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providing thousands of jobs for veterans including vets that we brought home from iraq and afghanistan. if you want a job done right, hire a vet. and that's why working with them, we've been able to see the solar industry commit to hiring 50,000 more vets in the coming years. this has been part of michelle and joe biden's joining forces program. more than 1/3 of your employees are veterans. in fact, if you're a veteran, please stand up so we can thank you for your service.
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[ applause ] companies like this are powered by veterans like jaime. he has five kids, grew up in puerto rico, lives in atlantic city, served in the military for 26 years. for the last four years he's been a team leader at the company that's building our energy future. and he's seen lot. but the one thing he's learned is that -- and i'm quoting him now, there's always so much that change is very fast and so much possibility. things are changing fast, and that's scary sometimes. you've got to constantly retrain for the jobs of the dmur. it means that it means the economy is interconnected and what happens on the other side of the world will affect us because you may be selling some batteries over there.
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and that's the story of the last seven years. so much has changed but there's one country on earth that sees possibility where others see peril. that's the united states of america. as long as we're not scared of it. we always adapt to change. because there's a nation of inno va tors and risk takers, we make change work for us. we knew it was going to take one year or even one president to
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get where we need to go. but we can see real tangible evidence of what a new economy looks like. it looks like this facility right here. it's brimming with industry and commerce and new industry and technologies and higher skilled wage workers. we make it better than anybody else because we've got the best workers and the best inno va tors and scientists than anybody else. the future is ours. but to finish the job requires steady persistent effort. we can't grow complacent.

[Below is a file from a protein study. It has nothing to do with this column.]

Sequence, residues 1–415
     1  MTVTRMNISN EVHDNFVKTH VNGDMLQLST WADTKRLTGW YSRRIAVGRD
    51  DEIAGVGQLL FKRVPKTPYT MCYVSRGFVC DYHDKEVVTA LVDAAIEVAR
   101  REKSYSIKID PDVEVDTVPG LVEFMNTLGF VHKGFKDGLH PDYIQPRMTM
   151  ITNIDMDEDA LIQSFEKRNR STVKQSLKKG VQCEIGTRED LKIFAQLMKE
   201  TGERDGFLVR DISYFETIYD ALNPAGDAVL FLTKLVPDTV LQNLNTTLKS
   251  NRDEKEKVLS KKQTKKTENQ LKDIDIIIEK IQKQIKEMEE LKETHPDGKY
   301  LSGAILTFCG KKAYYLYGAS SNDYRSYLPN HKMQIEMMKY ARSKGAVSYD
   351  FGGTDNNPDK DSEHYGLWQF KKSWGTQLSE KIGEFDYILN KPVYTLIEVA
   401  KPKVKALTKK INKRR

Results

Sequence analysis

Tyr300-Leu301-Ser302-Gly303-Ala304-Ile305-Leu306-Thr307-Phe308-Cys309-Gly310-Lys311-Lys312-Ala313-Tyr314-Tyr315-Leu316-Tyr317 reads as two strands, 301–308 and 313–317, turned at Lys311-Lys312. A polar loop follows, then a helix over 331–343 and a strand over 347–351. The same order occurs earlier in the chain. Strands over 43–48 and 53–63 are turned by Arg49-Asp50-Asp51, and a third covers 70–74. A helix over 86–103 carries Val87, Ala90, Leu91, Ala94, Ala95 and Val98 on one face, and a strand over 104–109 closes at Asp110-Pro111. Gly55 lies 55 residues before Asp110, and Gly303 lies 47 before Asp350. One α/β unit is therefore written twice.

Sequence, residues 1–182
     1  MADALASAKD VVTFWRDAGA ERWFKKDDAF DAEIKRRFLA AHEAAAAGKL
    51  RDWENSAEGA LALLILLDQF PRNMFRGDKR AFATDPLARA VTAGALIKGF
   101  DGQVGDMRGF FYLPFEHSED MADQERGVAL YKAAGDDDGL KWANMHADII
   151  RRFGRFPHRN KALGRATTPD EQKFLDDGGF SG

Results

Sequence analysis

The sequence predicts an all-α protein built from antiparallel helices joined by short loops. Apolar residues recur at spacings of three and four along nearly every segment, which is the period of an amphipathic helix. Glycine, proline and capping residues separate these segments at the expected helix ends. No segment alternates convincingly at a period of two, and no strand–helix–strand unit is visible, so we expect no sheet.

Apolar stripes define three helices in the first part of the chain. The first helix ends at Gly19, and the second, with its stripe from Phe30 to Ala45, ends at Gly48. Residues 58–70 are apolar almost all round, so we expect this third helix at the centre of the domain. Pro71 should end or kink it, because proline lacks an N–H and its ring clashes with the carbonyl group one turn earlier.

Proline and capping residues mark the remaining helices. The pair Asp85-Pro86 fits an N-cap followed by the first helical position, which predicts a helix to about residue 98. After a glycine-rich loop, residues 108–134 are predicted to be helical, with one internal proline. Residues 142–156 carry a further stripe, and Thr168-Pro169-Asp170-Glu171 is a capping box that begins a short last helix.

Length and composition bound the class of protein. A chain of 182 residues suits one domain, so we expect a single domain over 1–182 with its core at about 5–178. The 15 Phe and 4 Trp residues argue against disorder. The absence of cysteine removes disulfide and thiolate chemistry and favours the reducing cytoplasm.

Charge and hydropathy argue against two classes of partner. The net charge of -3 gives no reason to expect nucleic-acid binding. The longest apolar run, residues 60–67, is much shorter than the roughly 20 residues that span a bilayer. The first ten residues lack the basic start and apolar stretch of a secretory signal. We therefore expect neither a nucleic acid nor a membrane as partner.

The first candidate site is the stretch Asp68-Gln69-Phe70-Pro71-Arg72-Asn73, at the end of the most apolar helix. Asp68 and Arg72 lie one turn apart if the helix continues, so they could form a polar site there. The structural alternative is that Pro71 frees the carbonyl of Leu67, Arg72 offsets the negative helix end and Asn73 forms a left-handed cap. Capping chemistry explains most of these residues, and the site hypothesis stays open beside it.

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we can't chase false promises. we've got to be smart. we've got to work together. but i've never been more optimistic than i am now that we will get to where we need to go. because i've seen what you can do. and if we keep working together, everything is possible. thank you, veterans. god bless you, god bless the united states of america.
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>> her are some of the programs to watch for this weekend. saturday at 7:30 p.m. eastern, david randall of the national association of scholars talks about some of the books incoming college freshmen are asked to read before the first day of class. on sunday night at 9:00 afterwards, former nsa and cia director michael hayden gives an inside look at national security in his book "playing to the edge" american intelligence in the age of terror. he's interviewed by james woolsey, former cia director in the clinton administration. >> metadata is the literally outside the envelope for electronic communication. and as you said, american law enforcement traditionally has been able to look at the outside of the envelope. the supreme court decided that the fact of your phone call, who you called, when, for how long also was essentially the outside of the envelope. >> watch book tv all weekend every weekend on c-span2.
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television for serious readers. >> while fbi director james comey was on capitol hill earlier this week, he answered questions from lawmakers on local efforts to get apple to break the encryption on the phone used by one of the san bernardino shooters. comey was testifying before the house appropriations committee. here's a look. >> i have some very strong opinions about that, and there's a question here. but i want to start by thanking you for being diligent and pursuing the court order and staying on top of this. look, my view of the world, and i view it is one member of this committee doesn't necessarily reflect the entire committee, but this is a court order applying to within phone, and apple is refusing to comply with that order and frankly, if their fill you're to comply